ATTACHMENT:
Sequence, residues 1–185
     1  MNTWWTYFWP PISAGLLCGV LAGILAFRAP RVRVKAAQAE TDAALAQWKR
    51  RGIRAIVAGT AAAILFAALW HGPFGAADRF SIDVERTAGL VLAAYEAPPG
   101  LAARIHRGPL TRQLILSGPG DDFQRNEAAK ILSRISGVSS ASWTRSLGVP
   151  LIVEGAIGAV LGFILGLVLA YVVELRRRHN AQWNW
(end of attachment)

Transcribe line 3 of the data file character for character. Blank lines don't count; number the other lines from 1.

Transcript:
    51  RGIRAIVAGT AAAILFAALW HGPFGAADRF SIDVERTAGL VLAAYEAPPG